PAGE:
However, despite the film looking great, carrying some strong performances from both leads, stylish scenes, a great set-up and a more intelligent script, it just doesn't deliver all it sets itself up to. Where it really seems to fall down is in the story itself, and primarily in its structure.

We follow the two leads meeting in present day, and their relationship and what they are doing seems somewhat confusing, or rather their motives and feelings for each other do, and what the film tries to do is employ flashbacks to previous meetings between them to explain how they met, what they do, how they came about this idea, what the idea is, and to keep us guessing as to what their real motives are. On paper and up front it sounds a great idea, but they don't fit in with the story, and although they did reveal some twists about the relationship and extend the story telling, they didn't give me the surprise moments of motive and story revelation that I had expected.

I thought that come the end of one of the flashbacks there would be a surprise feeling of the present day story taking on a new edge, a new direction, or change our perceptions of the events and characters because of what we had just learned from that flashback, but that hardly ever happened for me, and when it did it didn't lack the punch that I expected or wanted. They didn't feel as if they properly tied in with the current story line nor did they offer anything new over what we were learning in that main story thread.

These flashbacks did manage to build on the combatitive and uncertain relationship between the two lead characters though and helped to build our suspicions regarding both, but it just wasn't enough. Perhaps I was expecting too much from the film, but that did seem to be the level of intelligence offered by the fast paced, witty and thrilling present day story thread.

That main story thread does play out well though, and the story does end well with a very satisfying and certainly unexpected ending.

Picture.pngiTouch widescreen
With some of the fast pace that the film calls for and the stylish transitions, I did expect that some of it might be lost on the small screen, however despite noticing a slight grain effect of the screen during a few of the movement scenes, something that is possibly due to scanning frequency and eye movement, the picture comes across really well and delivers strong contrast without making the blacks look grey. The picture looks great on the smaller screen, and to be honest when it's sitting right in front of you it can have the same scale as sitting at the back row of a big cinema or watching a smaller widescreen LCD.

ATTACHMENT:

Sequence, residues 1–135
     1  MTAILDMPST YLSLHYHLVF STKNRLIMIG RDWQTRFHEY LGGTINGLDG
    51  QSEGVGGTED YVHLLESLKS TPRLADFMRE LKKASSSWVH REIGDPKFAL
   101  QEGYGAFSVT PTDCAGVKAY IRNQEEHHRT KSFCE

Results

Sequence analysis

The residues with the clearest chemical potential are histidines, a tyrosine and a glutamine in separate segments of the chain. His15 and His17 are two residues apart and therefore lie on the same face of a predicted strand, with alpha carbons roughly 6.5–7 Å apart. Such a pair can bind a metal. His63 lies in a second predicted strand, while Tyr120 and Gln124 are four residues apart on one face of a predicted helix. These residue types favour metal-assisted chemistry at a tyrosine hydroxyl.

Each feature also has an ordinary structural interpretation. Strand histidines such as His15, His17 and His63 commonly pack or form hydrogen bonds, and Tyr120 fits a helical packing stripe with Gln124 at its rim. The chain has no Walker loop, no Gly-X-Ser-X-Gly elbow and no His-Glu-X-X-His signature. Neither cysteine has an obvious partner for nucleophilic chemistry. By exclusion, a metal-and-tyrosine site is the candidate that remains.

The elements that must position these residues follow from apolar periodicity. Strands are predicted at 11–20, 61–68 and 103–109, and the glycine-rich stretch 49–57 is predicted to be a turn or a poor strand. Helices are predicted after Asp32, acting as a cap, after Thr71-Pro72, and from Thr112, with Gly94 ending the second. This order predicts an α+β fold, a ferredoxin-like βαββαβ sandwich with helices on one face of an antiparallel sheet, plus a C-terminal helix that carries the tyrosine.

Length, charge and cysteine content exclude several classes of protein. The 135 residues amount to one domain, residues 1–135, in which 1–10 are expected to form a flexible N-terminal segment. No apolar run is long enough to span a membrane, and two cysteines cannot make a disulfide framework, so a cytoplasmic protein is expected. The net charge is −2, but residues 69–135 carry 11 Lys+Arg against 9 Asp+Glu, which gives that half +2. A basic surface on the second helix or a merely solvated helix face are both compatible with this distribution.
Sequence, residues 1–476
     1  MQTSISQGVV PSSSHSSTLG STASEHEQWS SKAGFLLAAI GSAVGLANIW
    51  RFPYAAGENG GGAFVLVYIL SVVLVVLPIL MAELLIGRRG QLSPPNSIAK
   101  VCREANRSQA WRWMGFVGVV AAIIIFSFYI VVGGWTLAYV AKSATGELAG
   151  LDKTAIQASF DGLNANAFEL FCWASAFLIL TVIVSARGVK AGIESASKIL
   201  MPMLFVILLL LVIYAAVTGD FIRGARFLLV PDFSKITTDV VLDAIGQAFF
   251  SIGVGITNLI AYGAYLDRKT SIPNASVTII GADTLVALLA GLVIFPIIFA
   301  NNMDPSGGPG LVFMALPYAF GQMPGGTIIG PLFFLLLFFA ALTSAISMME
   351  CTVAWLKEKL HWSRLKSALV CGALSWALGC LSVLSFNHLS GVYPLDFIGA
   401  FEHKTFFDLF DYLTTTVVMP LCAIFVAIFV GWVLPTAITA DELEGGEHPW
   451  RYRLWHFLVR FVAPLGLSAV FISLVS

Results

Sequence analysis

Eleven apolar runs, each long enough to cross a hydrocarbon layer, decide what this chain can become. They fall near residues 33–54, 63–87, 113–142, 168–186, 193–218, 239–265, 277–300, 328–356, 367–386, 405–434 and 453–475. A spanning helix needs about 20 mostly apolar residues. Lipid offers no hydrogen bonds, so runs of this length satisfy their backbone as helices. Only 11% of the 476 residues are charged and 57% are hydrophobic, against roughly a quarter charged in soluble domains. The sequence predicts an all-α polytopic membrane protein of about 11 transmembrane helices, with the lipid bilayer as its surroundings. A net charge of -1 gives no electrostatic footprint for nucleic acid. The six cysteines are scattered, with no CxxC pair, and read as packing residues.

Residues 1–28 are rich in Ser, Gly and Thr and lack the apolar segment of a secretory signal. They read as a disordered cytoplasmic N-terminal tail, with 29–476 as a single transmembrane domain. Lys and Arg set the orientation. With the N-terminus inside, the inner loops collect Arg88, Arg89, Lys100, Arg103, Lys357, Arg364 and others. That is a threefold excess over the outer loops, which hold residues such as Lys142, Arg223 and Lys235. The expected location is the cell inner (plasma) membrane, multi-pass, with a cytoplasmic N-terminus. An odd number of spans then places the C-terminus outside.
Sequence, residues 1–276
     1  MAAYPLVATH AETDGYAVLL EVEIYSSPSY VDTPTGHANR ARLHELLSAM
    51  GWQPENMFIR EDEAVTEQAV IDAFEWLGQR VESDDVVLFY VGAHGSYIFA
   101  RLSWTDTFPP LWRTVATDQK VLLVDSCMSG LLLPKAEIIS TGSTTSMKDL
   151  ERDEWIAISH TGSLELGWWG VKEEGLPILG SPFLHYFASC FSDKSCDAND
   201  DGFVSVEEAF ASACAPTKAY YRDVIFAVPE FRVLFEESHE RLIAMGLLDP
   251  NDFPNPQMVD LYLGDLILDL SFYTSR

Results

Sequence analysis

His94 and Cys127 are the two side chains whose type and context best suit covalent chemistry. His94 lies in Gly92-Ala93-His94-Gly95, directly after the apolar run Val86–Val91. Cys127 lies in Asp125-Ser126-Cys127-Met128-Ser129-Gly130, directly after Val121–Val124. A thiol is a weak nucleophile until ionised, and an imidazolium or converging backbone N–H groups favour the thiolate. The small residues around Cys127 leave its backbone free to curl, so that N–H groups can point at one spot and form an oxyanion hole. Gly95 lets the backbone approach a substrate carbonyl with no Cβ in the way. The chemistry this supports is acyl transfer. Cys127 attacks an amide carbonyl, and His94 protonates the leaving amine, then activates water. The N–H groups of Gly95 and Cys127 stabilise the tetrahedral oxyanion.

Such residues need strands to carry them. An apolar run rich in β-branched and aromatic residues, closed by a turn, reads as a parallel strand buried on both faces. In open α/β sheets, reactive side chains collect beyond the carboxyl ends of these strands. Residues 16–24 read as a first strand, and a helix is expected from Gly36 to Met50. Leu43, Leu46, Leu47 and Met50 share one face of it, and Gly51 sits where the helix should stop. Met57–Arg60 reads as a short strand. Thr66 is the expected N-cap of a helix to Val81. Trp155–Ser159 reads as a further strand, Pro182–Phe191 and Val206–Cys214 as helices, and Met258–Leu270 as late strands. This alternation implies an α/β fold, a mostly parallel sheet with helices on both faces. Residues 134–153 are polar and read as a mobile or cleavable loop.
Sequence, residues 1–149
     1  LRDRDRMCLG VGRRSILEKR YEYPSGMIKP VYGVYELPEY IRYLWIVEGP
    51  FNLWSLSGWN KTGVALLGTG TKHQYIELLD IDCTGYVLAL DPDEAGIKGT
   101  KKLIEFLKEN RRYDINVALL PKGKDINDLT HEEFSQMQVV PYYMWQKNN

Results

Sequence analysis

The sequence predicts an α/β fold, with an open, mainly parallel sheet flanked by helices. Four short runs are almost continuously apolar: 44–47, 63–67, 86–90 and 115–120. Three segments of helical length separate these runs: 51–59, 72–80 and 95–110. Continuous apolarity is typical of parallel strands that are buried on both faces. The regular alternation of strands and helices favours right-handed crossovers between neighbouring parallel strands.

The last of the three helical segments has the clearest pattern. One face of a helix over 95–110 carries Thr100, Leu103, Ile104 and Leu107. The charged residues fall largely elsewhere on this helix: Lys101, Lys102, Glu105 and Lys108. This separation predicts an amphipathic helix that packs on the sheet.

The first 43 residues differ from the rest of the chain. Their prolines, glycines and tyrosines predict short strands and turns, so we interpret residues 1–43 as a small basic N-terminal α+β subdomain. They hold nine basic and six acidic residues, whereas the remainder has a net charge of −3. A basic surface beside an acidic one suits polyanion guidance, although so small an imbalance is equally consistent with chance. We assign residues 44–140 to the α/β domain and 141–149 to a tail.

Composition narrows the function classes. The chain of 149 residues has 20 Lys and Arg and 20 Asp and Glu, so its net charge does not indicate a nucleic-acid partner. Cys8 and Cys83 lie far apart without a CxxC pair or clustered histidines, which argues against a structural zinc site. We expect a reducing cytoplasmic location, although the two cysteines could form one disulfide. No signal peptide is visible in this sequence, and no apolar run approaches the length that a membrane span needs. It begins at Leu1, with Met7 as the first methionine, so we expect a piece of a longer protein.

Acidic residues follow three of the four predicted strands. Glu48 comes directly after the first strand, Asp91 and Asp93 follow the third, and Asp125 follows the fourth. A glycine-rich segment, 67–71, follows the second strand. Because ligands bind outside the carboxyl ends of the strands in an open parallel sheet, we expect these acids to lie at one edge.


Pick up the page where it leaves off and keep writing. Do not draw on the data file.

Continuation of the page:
Audio.pngiTouch stereo with Sony embedded earphones
The audio comes across well with the portable device and and just stereo. With the music and more frantic moments lifting the volume and other scenes consisting solely of the two characters talking in hushed voices, relying on the inbuilt stereo would perhaps seem very limiting, and made me think that I would have had to continually alter the volume, however that wasn't the case and it held well allowing me to hear everything the film had to offer.

Overall.pngDuplicity does have a lot going for it. It's a sharply written and stylishly directed film with two great leads performing really well off of each other. Clive Owen and Julia Roberts give strong performances that really make you feel that they are in a relationship, a combative one at that. Tony Gilroy uses some stylish transitions, split screens, slow motion to great effect, and both the lighting and cinematography are very good and make the film look exciting and flow really well.

Unfortunately all these points together seem to suggest a film much better than the one that is delivered and it does fall down a little with the flashback sequences and trying to connect these with the main story. Yet it's not a terrible film, it's disappointing, but the main thread alone is worth watching, especially if it's just for the leads.

Buy or rent from iTunes
Buy or Rent from Amazon.co.uk or Amazon.com
UK IMDB Film Details